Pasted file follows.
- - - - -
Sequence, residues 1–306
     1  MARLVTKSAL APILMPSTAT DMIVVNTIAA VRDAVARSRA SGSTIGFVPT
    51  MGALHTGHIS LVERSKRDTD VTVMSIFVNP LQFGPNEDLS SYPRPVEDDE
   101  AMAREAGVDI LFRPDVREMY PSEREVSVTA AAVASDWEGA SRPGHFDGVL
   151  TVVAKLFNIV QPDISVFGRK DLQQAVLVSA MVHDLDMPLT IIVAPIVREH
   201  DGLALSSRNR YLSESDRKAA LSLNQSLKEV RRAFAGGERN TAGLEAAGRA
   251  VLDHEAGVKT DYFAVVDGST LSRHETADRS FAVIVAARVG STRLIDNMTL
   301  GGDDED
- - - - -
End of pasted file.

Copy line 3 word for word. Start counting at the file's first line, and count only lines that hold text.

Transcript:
    51  MGALHTGHIS LVERSKRDTD VTVMSIFVNP LQFGPNEDLS SYPRPVEDDE